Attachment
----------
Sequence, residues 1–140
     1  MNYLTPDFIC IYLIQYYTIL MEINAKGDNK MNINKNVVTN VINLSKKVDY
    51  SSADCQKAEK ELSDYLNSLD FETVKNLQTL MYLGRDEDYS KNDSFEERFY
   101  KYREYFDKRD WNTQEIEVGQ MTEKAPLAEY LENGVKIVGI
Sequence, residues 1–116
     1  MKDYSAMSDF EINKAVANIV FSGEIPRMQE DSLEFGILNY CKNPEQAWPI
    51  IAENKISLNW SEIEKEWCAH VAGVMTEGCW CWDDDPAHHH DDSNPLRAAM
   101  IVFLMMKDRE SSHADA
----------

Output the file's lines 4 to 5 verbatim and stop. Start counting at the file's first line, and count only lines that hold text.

   101  KYREYFDKRD WNTQEIEVGQ MTEKAPLAEY LENGVKIVGI
Sequence, residues 1–116